There is an office dedicated to road safety in Ireland that works to ensure that we as citizens are aware of the correct way to use are-your-kids-safe-on-the-webthe road so as to ensure our and other road users safety.

 

It is recognized that the road can be a dangerous place and the best way to ensure that it is safer is to set limits on what people can do and to only allow people of a certain age who have trained and passed an exam to use a vehicle on the road.

 

In Ireland we also have an office for Internet Safety, which provides information to people on safe use of the Internet . It does so because it recognizes the very real dangers that it contains.

 

Children and Teenagers in Ireland today are becoming increasingly sophisticated in their use of the ever increasingly powerful communication tools on the internet such as social networking sites, internet enabled camera phones and video and photograph sharing websites.

 

While the technology offers fantastic opportunities for people to learn, play and to interact with their peers, there can be downsides too. The anonymous and instantaneous nature of the internet can leave people exposed to greater risks from potential bullies and sexual and other predators.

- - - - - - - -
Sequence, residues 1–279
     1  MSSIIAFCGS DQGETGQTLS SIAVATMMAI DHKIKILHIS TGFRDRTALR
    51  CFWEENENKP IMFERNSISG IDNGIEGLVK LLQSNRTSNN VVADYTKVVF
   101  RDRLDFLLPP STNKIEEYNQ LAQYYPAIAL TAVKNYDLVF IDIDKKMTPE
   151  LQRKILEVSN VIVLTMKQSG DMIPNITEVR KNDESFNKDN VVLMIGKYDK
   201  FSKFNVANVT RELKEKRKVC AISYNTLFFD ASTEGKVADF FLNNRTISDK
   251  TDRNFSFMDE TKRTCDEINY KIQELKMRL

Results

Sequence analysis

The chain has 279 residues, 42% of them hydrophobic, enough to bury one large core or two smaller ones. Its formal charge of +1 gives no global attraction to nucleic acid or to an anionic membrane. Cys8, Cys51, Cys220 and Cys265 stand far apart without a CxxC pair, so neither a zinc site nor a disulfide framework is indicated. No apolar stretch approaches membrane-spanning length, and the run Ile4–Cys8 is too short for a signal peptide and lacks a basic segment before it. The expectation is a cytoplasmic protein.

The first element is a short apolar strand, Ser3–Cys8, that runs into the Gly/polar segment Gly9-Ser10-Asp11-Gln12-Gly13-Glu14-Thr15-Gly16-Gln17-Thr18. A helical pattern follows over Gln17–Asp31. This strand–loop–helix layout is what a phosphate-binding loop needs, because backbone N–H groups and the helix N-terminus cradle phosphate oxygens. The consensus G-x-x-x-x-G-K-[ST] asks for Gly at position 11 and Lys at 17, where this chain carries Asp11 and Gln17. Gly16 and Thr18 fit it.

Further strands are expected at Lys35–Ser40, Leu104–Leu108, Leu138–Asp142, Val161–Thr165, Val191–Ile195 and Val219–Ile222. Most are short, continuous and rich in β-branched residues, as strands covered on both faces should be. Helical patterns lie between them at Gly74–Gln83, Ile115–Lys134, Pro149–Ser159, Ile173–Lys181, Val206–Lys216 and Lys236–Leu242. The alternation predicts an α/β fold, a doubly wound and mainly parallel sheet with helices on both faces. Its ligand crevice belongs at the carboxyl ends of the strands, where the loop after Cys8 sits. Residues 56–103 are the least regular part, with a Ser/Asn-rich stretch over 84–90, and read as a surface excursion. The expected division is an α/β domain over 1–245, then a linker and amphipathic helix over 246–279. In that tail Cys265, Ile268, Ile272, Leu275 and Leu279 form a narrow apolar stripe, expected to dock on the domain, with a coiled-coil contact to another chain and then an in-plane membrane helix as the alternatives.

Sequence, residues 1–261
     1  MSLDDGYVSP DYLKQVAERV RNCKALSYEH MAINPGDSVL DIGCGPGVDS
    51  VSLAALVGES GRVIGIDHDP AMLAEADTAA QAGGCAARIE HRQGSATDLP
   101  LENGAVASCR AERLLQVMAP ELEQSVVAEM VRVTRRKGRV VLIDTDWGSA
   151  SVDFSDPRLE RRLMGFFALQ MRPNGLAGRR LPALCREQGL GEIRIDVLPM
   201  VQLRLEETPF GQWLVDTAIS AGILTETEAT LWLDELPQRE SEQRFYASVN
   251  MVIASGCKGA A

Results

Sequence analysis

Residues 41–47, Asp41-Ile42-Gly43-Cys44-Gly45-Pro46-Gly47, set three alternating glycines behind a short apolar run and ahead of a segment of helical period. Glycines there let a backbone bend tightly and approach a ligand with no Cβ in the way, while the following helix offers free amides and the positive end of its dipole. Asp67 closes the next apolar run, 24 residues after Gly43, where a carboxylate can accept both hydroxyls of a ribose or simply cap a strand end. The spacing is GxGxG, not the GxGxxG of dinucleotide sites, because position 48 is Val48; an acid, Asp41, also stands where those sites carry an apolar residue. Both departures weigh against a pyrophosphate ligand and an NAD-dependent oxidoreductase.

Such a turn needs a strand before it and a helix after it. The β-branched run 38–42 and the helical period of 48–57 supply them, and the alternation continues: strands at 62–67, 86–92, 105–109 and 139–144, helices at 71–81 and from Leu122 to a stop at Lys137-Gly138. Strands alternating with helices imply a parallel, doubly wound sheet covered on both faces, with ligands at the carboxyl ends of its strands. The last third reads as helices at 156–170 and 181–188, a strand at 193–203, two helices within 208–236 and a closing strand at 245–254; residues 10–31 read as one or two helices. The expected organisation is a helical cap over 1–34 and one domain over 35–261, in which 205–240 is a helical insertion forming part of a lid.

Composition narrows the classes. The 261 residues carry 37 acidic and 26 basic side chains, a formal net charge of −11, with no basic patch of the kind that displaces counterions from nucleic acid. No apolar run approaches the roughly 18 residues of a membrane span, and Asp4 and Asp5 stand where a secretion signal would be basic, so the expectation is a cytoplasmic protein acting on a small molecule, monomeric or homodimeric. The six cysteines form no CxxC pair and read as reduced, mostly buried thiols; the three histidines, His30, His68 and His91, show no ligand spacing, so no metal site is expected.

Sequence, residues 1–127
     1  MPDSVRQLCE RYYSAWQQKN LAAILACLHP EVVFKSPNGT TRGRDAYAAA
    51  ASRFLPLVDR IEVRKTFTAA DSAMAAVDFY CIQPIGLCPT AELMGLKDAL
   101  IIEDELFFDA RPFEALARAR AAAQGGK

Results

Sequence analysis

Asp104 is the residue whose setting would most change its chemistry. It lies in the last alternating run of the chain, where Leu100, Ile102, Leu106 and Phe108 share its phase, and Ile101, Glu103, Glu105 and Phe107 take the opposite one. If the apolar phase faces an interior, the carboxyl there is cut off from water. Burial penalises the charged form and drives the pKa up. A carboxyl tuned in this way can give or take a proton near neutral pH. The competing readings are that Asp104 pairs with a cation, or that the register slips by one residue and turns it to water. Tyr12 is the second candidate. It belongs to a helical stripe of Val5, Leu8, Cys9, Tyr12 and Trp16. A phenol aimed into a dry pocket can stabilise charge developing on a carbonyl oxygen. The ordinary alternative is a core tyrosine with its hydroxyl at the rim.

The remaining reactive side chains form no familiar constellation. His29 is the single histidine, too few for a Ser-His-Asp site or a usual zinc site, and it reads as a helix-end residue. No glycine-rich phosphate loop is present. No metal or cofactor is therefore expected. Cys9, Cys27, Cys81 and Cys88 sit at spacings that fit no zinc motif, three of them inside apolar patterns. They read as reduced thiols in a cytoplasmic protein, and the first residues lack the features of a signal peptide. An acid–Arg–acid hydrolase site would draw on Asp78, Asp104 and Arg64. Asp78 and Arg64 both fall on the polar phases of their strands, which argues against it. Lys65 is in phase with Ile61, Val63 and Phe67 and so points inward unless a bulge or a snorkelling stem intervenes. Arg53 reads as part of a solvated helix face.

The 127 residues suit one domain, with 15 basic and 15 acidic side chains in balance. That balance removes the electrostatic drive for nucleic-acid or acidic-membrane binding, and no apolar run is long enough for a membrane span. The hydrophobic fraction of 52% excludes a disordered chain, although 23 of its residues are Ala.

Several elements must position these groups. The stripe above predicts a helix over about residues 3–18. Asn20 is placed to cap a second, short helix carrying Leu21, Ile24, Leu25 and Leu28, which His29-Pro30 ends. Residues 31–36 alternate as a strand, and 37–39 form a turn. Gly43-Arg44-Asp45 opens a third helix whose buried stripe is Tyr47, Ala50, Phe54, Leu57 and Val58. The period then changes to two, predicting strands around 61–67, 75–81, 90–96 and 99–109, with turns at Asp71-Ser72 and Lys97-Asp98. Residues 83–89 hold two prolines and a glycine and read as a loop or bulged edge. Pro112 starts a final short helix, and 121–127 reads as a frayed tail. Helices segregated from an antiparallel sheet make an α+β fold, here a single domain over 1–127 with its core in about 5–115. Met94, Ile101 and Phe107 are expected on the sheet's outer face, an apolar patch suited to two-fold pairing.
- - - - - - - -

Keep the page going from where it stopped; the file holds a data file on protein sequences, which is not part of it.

A lot of people are aware of this but they often don’t take the additional step to reduce the risks of exposure.

 

The world wide web s aptly named it is open to all kinds of characters some of whom you wouldn’t let inside your door but ehy can visit your house through the Interent.  It is only by giving your children the skills and   cop on to be ware of what they are dealing with that the nasties of the world won’t find a we;come on the mat at your house.

 

 

office for Internet Safety offers the following advice to parents:

 

Get Involved: Learn more about what your children are doing online. Become familiar with the systems they use, if you don’t know how to use them ask them to show you or teach yourself how to use them.

Talk to them: Explain to them the potential dangers that exist, encourage them to talk to you if they are having difficulties or experiencing problems with other users that they may be interacting with on the Internet.

Set guidelines: Set Guidelines in relation to internet usage, when it can be used, for how long, what kind of information that they should be giving out, encouraging them to treat other users with the same level of respect that they want people to show them